HD

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I think you'll find that the studs that hold the cylinder head down on your car are held in with "a bit of glue". Years ago the studs would be threaded at both ends but nowadays the engine block is bored out with clearance holes and the plain end of the stud "glued" in with a Loctite type material. Some Glue :o

HD

Some glue OK

Most glues, even the epoxy glues and superglues, cannot cope with high temperatures, rapid variations in temperature and stress levels and the presence of oil without eventually failing.

Must be some customised formula designed for just that purpose.

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Some glue OK

Most glues, even the epoxy glues and superglues, cannot cope with high temperatures, rapid variations in temperature and stress levels and the presence of oil without eventually failing.

Must be some customised formula designed for just that purpose.

Just had a look at a specification sheet for one compound and according to that it's good up to 230 degrees Celsius and has a shear strength not less than 3000 PSI. Small amounts of oil during assembly are not a problem. The oil temperature in my car peaks at around 95 degrees and the water temperature at around 80 degrees.

HD

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Just had a look at a specification sheet for one compound and according to that it's good up to 230 degrees Celsius and has a shear strength not less than 3000 PSI. Small amounts of oil during assembly are not a problem. The oil temperature in my car peaks at around 95 degrees and the water temperature at around 80 degrees.

HD

Like we said, it sure is some glue.

The wonders of modern chemistry.

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A quick lesson in LOGARITHMS for our younger members (those under 50 who have had always had the luxury of a personal electronic calculator}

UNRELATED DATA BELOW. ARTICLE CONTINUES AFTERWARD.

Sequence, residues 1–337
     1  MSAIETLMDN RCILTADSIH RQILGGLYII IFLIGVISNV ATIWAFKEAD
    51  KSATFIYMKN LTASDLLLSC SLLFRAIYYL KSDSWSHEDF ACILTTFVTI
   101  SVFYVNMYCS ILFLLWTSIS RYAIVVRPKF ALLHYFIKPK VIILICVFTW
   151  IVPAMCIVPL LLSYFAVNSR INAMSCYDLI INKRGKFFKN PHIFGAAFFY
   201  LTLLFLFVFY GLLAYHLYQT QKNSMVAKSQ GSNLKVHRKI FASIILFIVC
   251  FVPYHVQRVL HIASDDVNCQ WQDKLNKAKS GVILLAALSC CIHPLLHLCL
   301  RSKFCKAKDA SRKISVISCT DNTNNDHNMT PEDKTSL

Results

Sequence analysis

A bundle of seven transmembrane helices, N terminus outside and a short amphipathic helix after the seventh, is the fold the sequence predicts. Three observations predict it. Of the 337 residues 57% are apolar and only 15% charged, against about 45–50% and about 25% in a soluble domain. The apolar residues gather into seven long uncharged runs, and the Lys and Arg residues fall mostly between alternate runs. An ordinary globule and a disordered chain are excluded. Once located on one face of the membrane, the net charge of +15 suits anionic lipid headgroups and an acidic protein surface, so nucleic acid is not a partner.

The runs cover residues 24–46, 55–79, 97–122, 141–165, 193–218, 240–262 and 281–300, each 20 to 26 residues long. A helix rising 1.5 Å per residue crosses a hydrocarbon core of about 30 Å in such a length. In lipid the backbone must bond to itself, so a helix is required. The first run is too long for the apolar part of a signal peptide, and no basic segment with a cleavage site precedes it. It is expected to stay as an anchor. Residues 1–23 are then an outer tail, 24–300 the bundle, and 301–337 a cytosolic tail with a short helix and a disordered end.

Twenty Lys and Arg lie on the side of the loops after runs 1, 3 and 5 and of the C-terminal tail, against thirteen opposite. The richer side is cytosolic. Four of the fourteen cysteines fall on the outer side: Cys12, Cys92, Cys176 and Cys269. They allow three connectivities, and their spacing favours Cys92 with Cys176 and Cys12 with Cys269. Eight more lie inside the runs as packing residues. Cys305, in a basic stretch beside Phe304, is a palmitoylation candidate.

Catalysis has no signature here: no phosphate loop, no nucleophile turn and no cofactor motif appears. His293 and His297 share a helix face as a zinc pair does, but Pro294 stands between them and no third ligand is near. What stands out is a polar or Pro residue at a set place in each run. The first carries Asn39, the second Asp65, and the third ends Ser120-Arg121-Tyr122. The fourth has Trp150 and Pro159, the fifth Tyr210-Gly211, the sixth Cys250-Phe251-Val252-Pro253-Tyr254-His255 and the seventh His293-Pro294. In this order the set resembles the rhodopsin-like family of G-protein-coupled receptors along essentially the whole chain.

Lesson by

Professor DaveH of the University of Arbourthorne (a close rival to Oxford and Cambridge)

Professor Stuart0742 of the University of Hackenthorpe (origin of the famous work the Hackenthorpe Book Of Lies)

LOGARITHMS

When Noah's Ark finally came to rest at the Mansfield Road / Hollinsend Road crossroads after 40 days in the flood Noah released all the animals he had saved, a male and female of each species, and he said unto them "Go forth and MULTIPLY, and repopulate this barren land". (Well, - it was Mansfield Road!)

Now on the ark Noah had a pair of snakes, and these snakes were ADDERS

The ADDERS had a problem, they couldn't MULTIPLY as Noah had told them to, they could only ADD.

This unfortunate situation persisted until the 17th century when a mathematician called Napier devised LOGARITHMS

LOGARITHMS allowed the ADDERS to MULTIPLY just by ADDING

They also allowed the SUBTRACTERS to DIVIDE.

Those that could already MULTIPLY could now be RAISED TO POWERS

Those that could already DIVIDE could now be ROOTED

So one way or another everyone was happy, all thanks to LOGARITHMS

In the nineteenth century along came another mathematician called Euler who was on to a good NUMBER,

He came up with NATURAL LOGARITHMS which then allowed RECIPROCAL FUNCTIONS to be INTEGRATED.

Just found out today that next school year (ie September) we have to offer a supporting course of "mathematics for A level scientists" where we teach our A-level science students how to handle the maths required to pass science.

That doesn't say a lot about the school maths department does it! :( , even though we have a very good maths department.

We discussed what topics we would want to include in this short maths course, and one of the suggestions from one of my fellow chemists was logarithms because calculation of pH (how acid / alkali a solution is) uses logarithms.

For the chemists out there, pH = -log[H+]

Now if someone "volunteers" ME to be the one to teach it I know exactly how to introduce the topic in a humerous, light hearted way ;-)